The brilliant American songwriter Cole Porter wrote a song about a one-night stand; a part of which goes: “It was just one of those nights, just one of those fabulous flights; A trip to the moon on gossamer wings, just one of those things….So goodbye and Amen, here’s hoping we’ll meet now and then; It was great fun, but it was just one of those things.”
We didn’t think that a song written in 1935 could have so neatly describe the brilliant and fleeting presence of Kawhi Leonard, the man who brought his genius and an NBA title to Toronto and Canada.
In sport, there are rabid fans, occasional, tepid fans, and others who get drawn in and swept along on a wave of emotion that only sport can engender. Such was the fabulous flight of the Toronto Raptors as they took an entire country on an unforgettable journey to claim what is considered America’s greatest basketball trophy, the Larry O’Brien NBA Championship Trophy.
Before he arrived in Toronto, Leonard’s name was familiar mostly to the true basketball lifers; but most of the others accepted what they were told that he was a fine player with a great reputation. And that’s where it stood until he began to work his magic in the playoffs, the homestretch where the faint of heart has no place.
There Leonard led a worthy and talented cast of players, Kyle Lowry, Pascal Siakam, Marc Gasol, etal, against the best of the NBA. And each time he conquered them with remarkable athletic skills, with an eye that needed just a fleeting glance to record the location of every player, and a relentless drive that announced that Mr. Leonard is coming at you. The quiet man; never soft; always hard; always clean.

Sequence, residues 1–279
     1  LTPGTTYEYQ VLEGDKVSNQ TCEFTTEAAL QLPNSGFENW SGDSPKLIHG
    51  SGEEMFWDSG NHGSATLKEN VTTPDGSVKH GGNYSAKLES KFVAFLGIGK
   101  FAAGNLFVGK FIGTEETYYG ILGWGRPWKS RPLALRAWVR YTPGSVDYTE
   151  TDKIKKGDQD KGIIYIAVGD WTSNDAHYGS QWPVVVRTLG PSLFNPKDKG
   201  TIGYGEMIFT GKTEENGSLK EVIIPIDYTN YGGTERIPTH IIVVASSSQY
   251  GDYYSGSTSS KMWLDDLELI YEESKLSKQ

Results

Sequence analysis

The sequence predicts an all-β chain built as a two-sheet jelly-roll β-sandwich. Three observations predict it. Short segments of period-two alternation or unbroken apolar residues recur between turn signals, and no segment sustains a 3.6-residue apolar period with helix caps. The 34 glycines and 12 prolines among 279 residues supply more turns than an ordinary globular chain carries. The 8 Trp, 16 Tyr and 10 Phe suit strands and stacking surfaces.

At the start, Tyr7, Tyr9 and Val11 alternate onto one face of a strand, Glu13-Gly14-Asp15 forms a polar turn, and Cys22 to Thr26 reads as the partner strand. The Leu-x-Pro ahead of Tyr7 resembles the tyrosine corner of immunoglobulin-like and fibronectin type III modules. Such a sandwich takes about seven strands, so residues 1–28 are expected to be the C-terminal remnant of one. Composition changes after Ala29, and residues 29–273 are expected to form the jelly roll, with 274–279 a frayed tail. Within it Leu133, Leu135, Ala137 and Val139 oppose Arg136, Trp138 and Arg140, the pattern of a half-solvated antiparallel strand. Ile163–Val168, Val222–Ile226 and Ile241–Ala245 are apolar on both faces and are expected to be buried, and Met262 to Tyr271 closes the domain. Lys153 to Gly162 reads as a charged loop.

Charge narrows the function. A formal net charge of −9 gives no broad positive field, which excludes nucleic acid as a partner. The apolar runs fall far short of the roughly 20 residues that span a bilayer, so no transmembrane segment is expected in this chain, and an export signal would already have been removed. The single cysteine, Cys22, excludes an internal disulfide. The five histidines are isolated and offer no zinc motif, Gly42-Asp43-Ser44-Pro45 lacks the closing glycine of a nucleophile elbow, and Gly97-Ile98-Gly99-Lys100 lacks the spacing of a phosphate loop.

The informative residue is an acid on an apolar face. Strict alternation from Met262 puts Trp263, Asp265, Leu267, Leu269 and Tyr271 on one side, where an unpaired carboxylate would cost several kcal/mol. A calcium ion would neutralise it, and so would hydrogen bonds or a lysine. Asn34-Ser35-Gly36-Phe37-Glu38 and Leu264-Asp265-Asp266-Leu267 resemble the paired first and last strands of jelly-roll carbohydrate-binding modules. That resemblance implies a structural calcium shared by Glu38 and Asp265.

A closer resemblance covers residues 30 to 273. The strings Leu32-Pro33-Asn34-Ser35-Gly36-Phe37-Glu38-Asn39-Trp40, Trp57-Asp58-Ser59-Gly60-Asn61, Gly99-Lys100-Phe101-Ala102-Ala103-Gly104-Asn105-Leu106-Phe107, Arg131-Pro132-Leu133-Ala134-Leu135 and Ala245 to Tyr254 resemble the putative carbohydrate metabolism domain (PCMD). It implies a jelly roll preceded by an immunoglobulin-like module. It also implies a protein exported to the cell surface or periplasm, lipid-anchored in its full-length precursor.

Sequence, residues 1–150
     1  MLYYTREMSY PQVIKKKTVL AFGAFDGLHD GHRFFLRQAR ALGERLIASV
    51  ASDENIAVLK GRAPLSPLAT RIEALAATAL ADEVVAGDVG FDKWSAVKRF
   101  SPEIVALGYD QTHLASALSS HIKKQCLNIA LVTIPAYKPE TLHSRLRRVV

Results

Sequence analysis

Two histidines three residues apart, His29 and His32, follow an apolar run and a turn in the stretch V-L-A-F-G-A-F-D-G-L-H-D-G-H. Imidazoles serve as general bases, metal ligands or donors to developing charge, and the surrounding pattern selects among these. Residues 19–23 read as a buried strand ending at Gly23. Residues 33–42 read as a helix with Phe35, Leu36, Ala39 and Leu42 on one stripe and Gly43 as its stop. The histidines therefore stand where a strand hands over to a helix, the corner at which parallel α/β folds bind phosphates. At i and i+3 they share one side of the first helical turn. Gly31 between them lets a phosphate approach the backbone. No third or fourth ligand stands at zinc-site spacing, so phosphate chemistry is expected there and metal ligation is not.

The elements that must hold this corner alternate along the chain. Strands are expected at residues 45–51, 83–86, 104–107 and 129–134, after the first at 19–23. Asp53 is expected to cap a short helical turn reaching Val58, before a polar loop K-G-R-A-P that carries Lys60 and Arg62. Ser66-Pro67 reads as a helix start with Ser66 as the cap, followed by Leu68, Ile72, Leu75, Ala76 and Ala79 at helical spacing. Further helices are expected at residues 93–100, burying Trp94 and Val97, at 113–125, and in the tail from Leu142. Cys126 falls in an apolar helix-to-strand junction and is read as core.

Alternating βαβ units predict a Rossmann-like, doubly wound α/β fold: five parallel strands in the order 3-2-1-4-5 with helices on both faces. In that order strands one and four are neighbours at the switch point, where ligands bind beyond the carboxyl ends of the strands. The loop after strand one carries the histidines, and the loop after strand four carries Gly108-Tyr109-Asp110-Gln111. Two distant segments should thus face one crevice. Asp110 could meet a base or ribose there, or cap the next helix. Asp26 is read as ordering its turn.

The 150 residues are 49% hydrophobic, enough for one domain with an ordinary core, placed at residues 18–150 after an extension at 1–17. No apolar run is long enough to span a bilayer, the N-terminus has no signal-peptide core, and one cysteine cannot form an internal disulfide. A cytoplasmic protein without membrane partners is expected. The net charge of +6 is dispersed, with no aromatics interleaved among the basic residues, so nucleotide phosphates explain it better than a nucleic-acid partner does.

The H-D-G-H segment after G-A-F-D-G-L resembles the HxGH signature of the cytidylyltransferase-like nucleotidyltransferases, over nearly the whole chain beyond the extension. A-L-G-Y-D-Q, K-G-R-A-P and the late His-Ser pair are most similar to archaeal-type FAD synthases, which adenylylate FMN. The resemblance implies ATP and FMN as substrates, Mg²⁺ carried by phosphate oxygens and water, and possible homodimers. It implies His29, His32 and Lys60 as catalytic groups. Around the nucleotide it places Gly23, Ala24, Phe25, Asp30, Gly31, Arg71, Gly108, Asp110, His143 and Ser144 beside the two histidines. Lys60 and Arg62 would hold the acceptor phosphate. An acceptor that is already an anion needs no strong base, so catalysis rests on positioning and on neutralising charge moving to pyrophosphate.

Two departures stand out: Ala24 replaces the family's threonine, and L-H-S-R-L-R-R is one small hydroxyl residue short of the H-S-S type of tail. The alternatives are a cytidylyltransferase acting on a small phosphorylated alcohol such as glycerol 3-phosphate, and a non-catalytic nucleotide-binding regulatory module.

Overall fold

So when the news hit the town that Kahwi Leonard was returning to play in his home state, it fell like a freak snow storm in the middle of a summer that was just emerging. It was bad news to be losing one such as him, but only the rabid fan could claim to be shocked by it. And certainly, if some were caught by surprise it could not be said that Leonard sprung it.
When the quiet man arrived in Toronto a year ago, Leonard kept his counsel, spoke quietly and in a few words. His demeanor betrayed nothing more than a man who would prefer not being in the limelight. He seemed shy and didn’t speak a paragraph when a short sentence would do.
He said at the time that with the help of the Raptors’ medical staff he would take time to heal a thigh injury he sustained a year ago. He said that he was here on a quest to win the NBA championship for the Raptors and for himself. As to whether he will stay with Raptors after the one-year contract expires, he gave no answer one way or another. His well-rehearsed response was that he was here to play, to have fun, and do his utmost to win the trophy. He never wavered from that original statement despite the number of times he was asked the question.
Few athletes who were placed in that position could have sustained that position without